I wrote last week about building intelligent analytics systems by putting people at the center of the design process. I call this process Cognitive Design. This week, we’re going to delve more deeply into just what Cognitive Design is and how it’s implemented.

Cognitive Design, as it applies to analytics, is the iterative process of combining user experience and context with the right technology to create dynamic analytics ecosystems. These ecosystems can help companies solve complex problems in an atmosphere where the variables are often unknown and always changing.

Using Cognitive Design principles, you can cultivate innovation and gain insights to generate ideas, ask new questions, and quickly prototype and implement analytics solutions.

Cognitive Design doesn’t just happen. It’s an active process. The first step is to think like a designer. The idea is to find a solution, not just list problems to overcome. Obviously, you’re trying to solve a problem, or you wouldn’t be building an analytics system in the first place, but the idea here is to focus on the solution, not just fixes to overcome discrete issues.

For example, the problem might be that management doesn’t have the insight they need into their supply chain. That’s thinking about what you don’t have. If you think that way, you’re likely to think only about ways to solve that specific problem, and you’ll end up playing a giant version of whack-a-mole. The Cognitive Design process enables you to innovate by listening to your customers—in this case your management and knowledge workers—to arrive at a solution.

Using Cognitive Design principles, your solution might be to build a cloud-based, interconnected supply network that optimizes your logistics and procurement operations and gives you the insight you need to foresee problems and take advantage of opportunities. It’s a shift in perspective that can make a world of difference in how you approach your initiative.

In building your innovative solution, it’s critical to put people first, and really understand how they think. That’s the cognitive part. Put trust in the experience of your user base to understand the ecosystem in which they operate, and to know how to solve the problems they face.

Using Cognitive Design, you can open the design process to create an environment where all ideas are explored and valued. There will be good parts of nearly every idea, and you can combine ideas in novel ways. Again, you can’t simply start from a problem viewpoint. Visualize SOLUTIONS.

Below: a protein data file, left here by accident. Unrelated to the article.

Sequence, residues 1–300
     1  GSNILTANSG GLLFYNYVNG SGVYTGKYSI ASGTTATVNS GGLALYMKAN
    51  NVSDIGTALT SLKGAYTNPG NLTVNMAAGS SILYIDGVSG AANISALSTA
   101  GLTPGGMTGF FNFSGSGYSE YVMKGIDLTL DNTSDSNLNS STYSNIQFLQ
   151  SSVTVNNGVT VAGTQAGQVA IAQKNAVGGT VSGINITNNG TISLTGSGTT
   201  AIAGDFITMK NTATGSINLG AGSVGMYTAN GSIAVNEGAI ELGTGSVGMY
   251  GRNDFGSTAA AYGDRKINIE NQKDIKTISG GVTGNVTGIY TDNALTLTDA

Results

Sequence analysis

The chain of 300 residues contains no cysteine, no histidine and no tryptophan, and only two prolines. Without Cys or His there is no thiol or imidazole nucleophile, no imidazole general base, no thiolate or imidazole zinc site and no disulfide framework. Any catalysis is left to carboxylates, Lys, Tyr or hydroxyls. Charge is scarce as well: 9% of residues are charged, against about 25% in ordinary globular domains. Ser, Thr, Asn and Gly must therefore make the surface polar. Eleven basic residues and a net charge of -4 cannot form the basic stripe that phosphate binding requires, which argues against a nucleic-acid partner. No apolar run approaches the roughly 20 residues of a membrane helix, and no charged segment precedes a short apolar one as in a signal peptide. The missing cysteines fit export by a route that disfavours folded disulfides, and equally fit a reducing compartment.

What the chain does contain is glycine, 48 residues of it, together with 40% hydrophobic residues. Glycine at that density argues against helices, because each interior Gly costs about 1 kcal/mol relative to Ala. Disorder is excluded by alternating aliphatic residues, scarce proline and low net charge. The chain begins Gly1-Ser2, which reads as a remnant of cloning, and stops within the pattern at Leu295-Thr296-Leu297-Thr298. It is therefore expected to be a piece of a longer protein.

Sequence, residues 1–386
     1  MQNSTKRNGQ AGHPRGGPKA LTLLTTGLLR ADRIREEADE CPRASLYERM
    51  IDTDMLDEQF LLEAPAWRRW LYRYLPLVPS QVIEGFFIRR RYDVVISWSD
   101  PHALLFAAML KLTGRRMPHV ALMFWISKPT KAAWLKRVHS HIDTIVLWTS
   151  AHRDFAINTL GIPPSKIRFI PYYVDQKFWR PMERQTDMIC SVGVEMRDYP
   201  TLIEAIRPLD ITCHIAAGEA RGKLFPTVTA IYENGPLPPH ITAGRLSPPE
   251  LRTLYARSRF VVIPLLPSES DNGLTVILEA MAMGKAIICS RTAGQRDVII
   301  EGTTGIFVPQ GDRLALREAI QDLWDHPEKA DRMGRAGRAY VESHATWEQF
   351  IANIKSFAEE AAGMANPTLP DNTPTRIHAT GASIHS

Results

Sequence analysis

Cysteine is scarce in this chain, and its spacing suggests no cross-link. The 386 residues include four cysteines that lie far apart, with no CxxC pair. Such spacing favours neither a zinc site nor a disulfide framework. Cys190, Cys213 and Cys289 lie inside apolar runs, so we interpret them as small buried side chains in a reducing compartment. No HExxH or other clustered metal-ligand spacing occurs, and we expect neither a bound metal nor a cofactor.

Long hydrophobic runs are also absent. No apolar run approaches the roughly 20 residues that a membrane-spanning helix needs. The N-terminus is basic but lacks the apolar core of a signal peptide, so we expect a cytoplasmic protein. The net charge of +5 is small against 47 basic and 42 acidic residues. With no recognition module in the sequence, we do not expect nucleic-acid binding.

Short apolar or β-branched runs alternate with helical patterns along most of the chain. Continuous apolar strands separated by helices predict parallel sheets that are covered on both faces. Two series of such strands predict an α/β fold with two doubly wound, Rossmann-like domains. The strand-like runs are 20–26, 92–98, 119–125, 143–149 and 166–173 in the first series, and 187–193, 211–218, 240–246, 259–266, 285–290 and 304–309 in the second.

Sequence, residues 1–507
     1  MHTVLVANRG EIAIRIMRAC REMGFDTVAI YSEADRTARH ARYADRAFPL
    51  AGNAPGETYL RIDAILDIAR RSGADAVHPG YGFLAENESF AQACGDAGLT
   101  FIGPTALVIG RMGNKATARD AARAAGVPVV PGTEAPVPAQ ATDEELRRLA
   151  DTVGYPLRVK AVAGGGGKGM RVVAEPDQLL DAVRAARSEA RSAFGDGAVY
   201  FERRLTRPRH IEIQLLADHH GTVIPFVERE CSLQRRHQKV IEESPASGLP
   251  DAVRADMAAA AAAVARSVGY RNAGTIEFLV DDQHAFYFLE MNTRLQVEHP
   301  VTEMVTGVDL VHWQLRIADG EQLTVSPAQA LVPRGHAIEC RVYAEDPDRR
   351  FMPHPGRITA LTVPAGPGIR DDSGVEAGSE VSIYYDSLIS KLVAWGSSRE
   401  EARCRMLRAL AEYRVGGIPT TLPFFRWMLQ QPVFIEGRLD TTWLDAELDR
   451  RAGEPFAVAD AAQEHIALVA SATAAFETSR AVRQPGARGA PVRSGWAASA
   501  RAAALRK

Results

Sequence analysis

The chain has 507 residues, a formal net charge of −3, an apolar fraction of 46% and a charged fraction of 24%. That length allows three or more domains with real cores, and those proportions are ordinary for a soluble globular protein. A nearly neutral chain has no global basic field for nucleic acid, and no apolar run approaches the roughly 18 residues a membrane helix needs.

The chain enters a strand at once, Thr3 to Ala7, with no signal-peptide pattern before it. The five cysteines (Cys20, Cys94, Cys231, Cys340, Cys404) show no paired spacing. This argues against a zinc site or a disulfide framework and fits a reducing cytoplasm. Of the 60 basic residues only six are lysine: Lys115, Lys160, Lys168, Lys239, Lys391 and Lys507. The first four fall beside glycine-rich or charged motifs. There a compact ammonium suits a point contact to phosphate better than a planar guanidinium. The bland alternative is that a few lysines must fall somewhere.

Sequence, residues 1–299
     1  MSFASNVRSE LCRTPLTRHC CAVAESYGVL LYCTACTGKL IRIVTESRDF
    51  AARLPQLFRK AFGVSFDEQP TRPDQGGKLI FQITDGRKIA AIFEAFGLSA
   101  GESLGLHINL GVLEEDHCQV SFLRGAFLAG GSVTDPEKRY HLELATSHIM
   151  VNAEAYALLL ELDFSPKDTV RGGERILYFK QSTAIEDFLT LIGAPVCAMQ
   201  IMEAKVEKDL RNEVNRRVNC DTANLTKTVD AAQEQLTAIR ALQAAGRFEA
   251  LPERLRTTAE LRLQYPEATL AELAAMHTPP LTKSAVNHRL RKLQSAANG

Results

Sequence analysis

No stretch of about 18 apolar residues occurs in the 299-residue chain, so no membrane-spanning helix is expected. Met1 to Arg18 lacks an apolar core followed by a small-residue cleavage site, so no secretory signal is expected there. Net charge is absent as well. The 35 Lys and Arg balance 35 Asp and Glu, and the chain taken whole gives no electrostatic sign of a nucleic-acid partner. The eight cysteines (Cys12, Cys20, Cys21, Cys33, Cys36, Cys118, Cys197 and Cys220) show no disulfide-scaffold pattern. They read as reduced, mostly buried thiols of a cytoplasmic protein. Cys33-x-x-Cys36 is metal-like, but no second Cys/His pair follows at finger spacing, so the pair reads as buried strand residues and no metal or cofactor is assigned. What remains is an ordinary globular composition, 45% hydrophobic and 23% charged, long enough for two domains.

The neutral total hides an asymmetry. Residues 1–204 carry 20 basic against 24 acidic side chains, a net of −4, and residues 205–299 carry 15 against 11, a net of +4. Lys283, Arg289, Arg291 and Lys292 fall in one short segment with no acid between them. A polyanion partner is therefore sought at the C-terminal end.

The next step in the Cognitive Design process is to take the best ideas and model those. Create working prototypes and evaluate their performance against requirements. When evaluating prototypes, set yourself up to fail quickly. That’s not to say you want to fail, but it’s critical to have an iterative process in place that lets you continually ask: should we scale up this model, or just move on?

The best solution will be the one(s) that hits the sweet spot between innovation and practicality. In making the choice, use criteria that can be both quantified and qualified. Rely on the experience and intuition of decision-makers and knowledge workers to make the best choice.

Also—and this is a big one—don’t trade the most effective solution for pennies. Cost matters, but it shouldn’t be the final arbiter of which solution is chosen. Within established constraints, use the most, and the best, resources available to execute the chosen solution. Execute as quickly and effectively as possible to realize results in the quickest time frame.

Take solutions that are working on a smaller scale and push those innovations through to the entire organization. As solutions scale up from small to enterprise-wide, companies that employ a Cognitive Design approach can leverage lessons learned in the design process to tweak those solutions so that they maximize their effectiveness at scale.

So now that we’ve explored what Cognitive Design is, and roughly how to go about it, next week we’ll talk about why you should use it, i.e., what it can do for you and how the solutions you generate can be truly innovative.

General manager of Teradata Consulting and Go-To-Market Analytic Solutions. Thought leader in analytics, business intelligence, big data, and business transformation. My passion is helping my clients drive value through data and achieve a sustainable competitive advantage.

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